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Automated TSA Lanes Debut in Chicago

SmarterTravel

Give thanks! Just in time for the busy holiday travel season, American and United have launched automated security screening lanes at Chicago’s O’Hare airport. Two of American’s 18 lanes have been converted, and United has added three automated lanes of its own.

These new security lanes could reduce wait times by an estimated 30 percent, and are designed to cut down on all the little inefficiencies that slow down checkpoints. According to United, “The new lanes enable up to five customers to fill their individual bins simultaneously and move through the screening process quicker, even if TSA agents need to perform additional screening on a customer further up the queue. The lanes also utilize a parallel conveyor system that automatically returns empty bins to the front of the queue.”

American provided more detail about its screening line features:

  • Automated belts that draw bags into the X-ray machines, returning the bins back to queue after completion of the screening.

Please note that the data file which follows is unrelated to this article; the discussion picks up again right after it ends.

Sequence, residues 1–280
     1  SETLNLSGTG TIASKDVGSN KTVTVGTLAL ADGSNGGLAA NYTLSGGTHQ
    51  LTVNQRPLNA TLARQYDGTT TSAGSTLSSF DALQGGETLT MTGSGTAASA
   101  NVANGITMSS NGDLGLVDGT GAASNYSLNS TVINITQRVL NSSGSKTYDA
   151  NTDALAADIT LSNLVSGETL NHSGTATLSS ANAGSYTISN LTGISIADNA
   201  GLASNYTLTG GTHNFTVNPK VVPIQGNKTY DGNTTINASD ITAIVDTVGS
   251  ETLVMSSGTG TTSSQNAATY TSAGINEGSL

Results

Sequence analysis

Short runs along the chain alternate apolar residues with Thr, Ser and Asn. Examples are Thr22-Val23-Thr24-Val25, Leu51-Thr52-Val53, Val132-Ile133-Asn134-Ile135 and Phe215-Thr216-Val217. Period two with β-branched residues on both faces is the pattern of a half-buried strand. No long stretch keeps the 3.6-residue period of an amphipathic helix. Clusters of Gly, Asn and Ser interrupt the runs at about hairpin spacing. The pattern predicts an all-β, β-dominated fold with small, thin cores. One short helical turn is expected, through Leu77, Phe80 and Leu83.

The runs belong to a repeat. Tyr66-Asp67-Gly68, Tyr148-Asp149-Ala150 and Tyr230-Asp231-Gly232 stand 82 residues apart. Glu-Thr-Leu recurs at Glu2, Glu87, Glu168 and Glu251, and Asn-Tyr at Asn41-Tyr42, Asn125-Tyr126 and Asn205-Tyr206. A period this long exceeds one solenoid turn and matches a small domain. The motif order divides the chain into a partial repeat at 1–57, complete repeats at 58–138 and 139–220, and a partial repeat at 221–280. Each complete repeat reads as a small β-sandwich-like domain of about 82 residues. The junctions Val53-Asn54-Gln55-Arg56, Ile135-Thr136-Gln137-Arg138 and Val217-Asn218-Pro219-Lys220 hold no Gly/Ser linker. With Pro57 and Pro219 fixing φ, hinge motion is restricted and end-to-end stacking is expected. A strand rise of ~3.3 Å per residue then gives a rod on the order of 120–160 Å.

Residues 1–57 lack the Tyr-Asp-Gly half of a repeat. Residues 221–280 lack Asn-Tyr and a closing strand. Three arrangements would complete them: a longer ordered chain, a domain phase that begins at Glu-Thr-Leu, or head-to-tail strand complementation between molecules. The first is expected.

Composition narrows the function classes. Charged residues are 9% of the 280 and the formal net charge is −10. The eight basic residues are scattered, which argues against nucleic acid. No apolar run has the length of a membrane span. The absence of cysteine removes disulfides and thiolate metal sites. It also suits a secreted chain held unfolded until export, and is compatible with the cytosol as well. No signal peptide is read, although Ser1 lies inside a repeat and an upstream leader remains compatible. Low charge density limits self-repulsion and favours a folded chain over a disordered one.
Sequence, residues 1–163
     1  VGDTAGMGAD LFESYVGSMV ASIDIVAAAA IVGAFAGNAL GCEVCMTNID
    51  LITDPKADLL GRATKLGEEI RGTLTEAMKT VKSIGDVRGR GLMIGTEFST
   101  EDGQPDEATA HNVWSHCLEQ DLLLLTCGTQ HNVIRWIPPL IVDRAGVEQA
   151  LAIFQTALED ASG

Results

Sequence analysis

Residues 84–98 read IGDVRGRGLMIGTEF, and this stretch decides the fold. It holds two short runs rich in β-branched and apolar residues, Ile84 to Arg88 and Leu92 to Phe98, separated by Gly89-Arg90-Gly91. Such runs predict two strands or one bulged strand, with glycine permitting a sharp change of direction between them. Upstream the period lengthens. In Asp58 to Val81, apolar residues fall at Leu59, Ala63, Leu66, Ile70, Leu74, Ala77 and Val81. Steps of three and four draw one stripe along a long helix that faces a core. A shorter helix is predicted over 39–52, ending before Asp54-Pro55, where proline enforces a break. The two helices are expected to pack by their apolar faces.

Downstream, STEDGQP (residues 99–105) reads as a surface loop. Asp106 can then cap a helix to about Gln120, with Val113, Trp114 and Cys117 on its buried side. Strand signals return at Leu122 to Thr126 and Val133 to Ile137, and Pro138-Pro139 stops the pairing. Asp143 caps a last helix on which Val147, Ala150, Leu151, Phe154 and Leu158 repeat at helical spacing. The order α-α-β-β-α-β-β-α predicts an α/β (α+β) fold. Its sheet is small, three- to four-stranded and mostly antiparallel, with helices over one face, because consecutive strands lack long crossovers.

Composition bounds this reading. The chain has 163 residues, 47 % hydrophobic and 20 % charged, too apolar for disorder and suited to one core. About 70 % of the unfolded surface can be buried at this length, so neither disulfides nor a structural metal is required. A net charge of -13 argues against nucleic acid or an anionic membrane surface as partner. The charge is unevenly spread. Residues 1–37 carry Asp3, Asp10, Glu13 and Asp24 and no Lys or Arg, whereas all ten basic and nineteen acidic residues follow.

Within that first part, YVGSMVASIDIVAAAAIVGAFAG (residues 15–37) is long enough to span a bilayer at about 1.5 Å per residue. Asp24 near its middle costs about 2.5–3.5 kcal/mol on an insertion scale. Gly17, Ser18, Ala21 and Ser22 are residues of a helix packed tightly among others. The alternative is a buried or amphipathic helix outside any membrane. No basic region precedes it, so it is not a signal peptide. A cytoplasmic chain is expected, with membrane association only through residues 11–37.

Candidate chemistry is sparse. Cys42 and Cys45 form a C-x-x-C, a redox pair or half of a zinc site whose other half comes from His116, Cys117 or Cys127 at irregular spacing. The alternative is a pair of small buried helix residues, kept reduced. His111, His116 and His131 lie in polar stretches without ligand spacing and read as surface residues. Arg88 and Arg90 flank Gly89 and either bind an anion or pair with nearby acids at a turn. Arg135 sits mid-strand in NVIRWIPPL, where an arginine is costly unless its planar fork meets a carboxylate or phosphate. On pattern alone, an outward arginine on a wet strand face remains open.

• Bags with a potential threat can be directed to a separate area to allow bins behind it to continue through the system uninterrupted.
  • Property bins that are 25 percent larger than the bins in regular screening lanes.
  • Unique Radio Frequency Identification (RFID) tags that are attached to each bin to allow for additional accountability of items as they transit throughout the system.
  • Cameras that capture photos of the outside of the bag, which is linked to the X-ray image of the bag’s contents.

American also said it plans to roll out automated security checkpoints at Dallas/Fort Worth, Los Angeles, Miami and New York (JFK) in early 2017. United noted that it rolled out automated lanes in Los Angeles last month and plans to launch them at Newark before Thanksgiving.

These lines are not brand new technology, and if you’ve traveled outside the U.S. you may have seen them in action. I encountered similar checkpoints in London this past September, and I can report that yes, they’re better. Allowing several passengers to fill larger bins simultaneously keeps things moving faster.

Perhaps just as importantly, you feel like you’re moving faster since there’s a more palpable sense of progress and fewer pinch points. If one passenger is struggling with their baggage, for example, it doesn’t hold up the entire line since there are several other bin-filling spots. This also means you won’t feel your fellow passengers breathing down your neck while trying to finagle your laptop from your carry-on.

Readers, have you passed through one of these new lanes? What was your experience?

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